In response to the COVID-19 pandemic, an abrupt and complete nation-wide lockdown was announced in India on March 23 with a notice of less than four hours. Millions of unregistered migrant workers were stuck in cities hundreds of kilometres away from their families.
Nearly 90% of India’s workforce is employed by the informal sector. This is the workforce that makes our comfortable lives possible by growing our food, building our cities, stitching our clothes, and cleaning our homes, streets and drains. Yet, the sector doesn’t offer them any welfare benefits.
Most of these people are dailywage earners, which means they only get paid the days that they turn up for work. For all these people, hunger and starvation became their reality over-night.
My Experience In Relief Work During The Pandemic
Over the last 50 days, civil society organisations all over the country have come forward to help the vulnerable tide over this calamity. Mutual aid networks were set-up and many of us have been volunteering for helplines distributing food and hygiene supplies.
One week into the lockdown, I was not only volunteering with one such helpline but also working with a grassroot organisation for water and sanitation access in slums of the city of Mumbai.
As the days passed, the voices on the other end of the phone lines became more and more desperate. With the beginning of Ramadan, our work expanded to north-east Delhi where victims of the recent communal riots are living in burnt down homes and suffering from destroyed livelihoods.
In the midst of all this suffering, there has been a rise in Islamophobic sentiment, fueled by divisive mainstream media narratives. Hungry and desperate workers trying to take the trains home have been depicted as Muslims violating lockdown. There is an increase in number of hate crimes against Muslims in different parts of India.
Yet, the Jain family trust that set-up a helpline I volunteer for continued to distribute relief to all people in need, irrespective of identity. Through the work on water and sanitation access, I came to see that issues faced by the poor in my city did not differ with religious identity. Sharda Shinde from Lower Parel faced the same difficulties as Muhammad Umar Shaikh in Mankhurd, and we fight for their rights with the same vigor.
Civil society initiatives in India have exhibited exceptional sentiments of unity and harmony in the face of ugly xenophobia. As an Indian Muslim, I am at once acutely aware of the growing divide in the country, but also deeply touched by the show of solidarity with those who are most vulnerable.
This Ramadan, my understanding of fasting has expanded as I speak with mothers who haven’t been able to feed their children for days at a stretch. Mothers who have told me “We are fasting, but what about the children?“; mothers who have said, “Our refrigerator was burnt in the riots but it’s my little girl’s first year of fasting, and I wish she could have some cold water at iftar.”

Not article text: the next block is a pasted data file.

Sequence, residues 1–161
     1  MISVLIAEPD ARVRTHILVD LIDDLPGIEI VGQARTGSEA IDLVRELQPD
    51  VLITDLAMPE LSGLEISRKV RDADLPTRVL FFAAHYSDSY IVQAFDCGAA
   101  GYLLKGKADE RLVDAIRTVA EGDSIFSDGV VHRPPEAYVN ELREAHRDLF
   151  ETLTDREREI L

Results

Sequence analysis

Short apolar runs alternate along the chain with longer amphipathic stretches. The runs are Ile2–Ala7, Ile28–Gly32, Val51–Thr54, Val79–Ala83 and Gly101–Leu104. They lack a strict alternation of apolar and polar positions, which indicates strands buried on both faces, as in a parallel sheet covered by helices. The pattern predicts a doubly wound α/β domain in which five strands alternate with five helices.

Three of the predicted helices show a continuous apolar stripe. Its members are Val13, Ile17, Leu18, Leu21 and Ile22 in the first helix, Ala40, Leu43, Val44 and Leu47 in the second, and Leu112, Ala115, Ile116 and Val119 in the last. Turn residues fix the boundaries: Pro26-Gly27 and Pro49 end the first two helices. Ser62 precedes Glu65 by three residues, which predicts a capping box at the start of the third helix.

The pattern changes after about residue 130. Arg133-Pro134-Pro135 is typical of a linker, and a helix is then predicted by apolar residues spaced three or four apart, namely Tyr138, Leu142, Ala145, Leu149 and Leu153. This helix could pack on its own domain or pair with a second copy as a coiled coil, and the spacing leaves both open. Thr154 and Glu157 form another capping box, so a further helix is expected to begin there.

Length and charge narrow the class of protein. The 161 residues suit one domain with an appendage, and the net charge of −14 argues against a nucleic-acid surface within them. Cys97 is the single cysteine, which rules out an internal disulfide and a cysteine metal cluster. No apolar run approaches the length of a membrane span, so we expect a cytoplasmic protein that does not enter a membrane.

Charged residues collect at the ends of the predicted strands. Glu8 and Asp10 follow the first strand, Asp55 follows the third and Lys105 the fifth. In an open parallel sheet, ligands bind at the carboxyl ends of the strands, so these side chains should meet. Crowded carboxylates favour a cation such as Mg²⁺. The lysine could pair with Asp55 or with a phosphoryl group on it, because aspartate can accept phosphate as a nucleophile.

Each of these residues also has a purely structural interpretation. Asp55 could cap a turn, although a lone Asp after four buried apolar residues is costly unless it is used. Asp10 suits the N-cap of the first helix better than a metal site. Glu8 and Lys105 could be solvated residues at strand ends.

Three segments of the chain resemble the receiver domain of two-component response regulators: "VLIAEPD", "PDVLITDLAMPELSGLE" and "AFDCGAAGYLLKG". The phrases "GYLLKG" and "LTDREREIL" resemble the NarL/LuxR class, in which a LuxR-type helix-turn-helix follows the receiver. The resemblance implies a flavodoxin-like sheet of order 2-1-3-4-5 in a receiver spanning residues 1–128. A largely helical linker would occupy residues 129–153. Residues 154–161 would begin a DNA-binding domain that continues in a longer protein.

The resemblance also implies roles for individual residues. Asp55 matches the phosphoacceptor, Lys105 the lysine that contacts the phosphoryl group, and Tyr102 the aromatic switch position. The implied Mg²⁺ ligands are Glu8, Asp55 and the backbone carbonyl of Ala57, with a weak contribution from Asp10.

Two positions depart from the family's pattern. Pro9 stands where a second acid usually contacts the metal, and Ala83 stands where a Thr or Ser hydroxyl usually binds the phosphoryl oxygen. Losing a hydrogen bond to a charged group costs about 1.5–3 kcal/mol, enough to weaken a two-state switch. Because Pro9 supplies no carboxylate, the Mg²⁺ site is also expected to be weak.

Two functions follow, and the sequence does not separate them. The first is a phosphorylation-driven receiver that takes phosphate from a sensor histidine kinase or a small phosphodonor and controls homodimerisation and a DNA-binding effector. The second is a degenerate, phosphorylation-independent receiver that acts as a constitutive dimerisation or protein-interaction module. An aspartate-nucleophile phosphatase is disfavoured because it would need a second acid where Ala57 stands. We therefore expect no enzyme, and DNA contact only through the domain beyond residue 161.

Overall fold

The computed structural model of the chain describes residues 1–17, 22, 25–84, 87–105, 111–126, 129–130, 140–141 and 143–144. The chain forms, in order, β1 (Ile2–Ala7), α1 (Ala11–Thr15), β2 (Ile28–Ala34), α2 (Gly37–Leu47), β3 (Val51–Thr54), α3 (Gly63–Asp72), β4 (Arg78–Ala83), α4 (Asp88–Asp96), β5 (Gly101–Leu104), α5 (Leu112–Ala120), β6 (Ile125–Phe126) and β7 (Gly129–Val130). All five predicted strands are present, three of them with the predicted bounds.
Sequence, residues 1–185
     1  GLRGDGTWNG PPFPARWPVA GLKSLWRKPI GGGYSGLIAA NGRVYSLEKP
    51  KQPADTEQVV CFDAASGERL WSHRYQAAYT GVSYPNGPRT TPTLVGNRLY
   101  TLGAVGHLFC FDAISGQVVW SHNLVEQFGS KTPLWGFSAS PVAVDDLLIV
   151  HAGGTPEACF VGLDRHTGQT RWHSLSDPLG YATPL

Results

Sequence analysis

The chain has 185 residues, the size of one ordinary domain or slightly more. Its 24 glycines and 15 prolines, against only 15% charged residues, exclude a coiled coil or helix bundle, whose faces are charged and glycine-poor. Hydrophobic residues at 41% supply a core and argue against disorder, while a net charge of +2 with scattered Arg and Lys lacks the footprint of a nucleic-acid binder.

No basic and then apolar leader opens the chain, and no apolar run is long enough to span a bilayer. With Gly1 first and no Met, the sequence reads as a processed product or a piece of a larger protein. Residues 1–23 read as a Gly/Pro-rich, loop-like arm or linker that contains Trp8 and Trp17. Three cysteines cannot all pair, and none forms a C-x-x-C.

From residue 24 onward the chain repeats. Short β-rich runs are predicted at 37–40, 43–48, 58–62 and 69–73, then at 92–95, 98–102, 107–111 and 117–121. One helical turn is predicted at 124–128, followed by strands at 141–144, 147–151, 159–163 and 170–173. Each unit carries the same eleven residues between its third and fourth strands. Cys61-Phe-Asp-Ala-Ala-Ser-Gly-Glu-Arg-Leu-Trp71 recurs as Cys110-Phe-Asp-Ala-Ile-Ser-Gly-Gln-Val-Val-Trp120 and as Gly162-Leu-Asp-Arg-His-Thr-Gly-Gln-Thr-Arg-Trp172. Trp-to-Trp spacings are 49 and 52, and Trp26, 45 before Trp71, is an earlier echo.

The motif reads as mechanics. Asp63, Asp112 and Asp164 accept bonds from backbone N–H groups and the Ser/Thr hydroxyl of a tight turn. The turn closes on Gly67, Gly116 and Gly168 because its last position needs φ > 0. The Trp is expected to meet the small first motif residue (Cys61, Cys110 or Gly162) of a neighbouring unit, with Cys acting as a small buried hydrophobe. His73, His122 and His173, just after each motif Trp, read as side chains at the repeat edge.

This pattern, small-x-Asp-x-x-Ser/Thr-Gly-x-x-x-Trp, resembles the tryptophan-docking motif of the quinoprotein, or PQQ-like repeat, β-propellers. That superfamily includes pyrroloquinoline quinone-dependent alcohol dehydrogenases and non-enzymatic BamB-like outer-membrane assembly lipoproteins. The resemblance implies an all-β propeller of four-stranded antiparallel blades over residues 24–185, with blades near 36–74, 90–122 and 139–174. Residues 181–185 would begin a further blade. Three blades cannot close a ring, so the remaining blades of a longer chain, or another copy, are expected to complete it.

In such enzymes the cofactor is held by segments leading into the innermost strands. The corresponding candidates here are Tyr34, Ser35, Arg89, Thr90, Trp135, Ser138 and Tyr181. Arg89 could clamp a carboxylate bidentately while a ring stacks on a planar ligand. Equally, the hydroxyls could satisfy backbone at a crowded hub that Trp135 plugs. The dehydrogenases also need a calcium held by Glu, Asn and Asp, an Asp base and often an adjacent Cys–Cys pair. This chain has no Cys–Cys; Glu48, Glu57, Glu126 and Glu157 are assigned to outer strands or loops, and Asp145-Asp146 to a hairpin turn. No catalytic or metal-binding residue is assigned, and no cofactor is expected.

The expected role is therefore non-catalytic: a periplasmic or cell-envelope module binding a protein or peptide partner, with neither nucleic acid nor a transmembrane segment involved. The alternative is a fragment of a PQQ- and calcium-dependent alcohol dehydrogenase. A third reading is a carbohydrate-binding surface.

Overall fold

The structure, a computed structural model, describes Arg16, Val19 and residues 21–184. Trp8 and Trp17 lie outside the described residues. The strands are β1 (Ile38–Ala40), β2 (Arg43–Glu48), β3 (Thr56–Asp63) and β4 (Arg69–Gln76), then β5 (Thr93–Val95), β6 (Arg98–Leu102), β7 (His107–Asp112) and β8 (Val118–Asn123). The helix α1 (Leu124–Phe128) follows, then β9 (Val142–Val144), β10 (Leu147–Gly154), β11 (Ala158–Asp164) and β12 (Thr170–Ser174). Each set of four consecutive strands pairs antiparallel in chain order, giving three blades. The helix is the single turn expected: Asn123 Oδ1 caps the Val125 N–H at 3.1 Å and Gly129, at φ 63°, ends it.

This Ramadan, my understanding of the word ‘Muslim’ has expanded. What does it truly mean to be Muslim? What does it mean to ensure that families living in 40 houses to my left and 40 houses to my right don’t go to sleep hungry, when the cities we now live in are divided into ghettos planned carefully so we never have to see the poor?
As Ramadan comes to an end, I am also compelled to think about what Eid means to me. How can we create an occasion to celebrate in the midst of this situation?
Perhaps by remembering the beautiful displays of faith so many people have expressed in the Almighty that He will take care of them somehow. Perhaps in the compassion shown by the sanitation worker who received food from us but gave it away to someone he felt was even more hungry in hope that he will be paid his salary soon.
Perhaps in the display of humanity on the highways of India where people (irrespective of religion) are putting their own health at risk to offer water and food to migrants (irrespective of religion) walking home in the heat of May with children on their arms. Perhaps in believing that every single person we are able to feed, even for a day, is a moment in which all of humanity is saved.
This Eid, instead of buying ourselves a new outfit, let’s find our joy in giving to those in desperate need and wear the sawaab as the most precious jewels.
This Eid, I pledge to divert my time and money toward relief efforts. I pledge to commit to causes that strengthen our governance systems so that we can save more people from the humiliation that comes from starvation. And most importantly, I give thanks for not only the blessings that Ar-Raheem, the Most Merciful, has showered on me, my friends and family, but also the difficult lessons that Al-Haqq, the Absolute Truth, is teaching me about life, death and beyond.
May Al-Haadi, the Guide, guide us to the blessed path.
If you are looking for trusted hands on the ground, consider contributing to Center for Promoting Democracy.
Center for Promoting Democracy is a Mumbai-based organization working with slum-dwellers and homeless. They have been offering food relief but more importantly, work on improving water and sanitation access, an effort with long-lasting benefits for the community.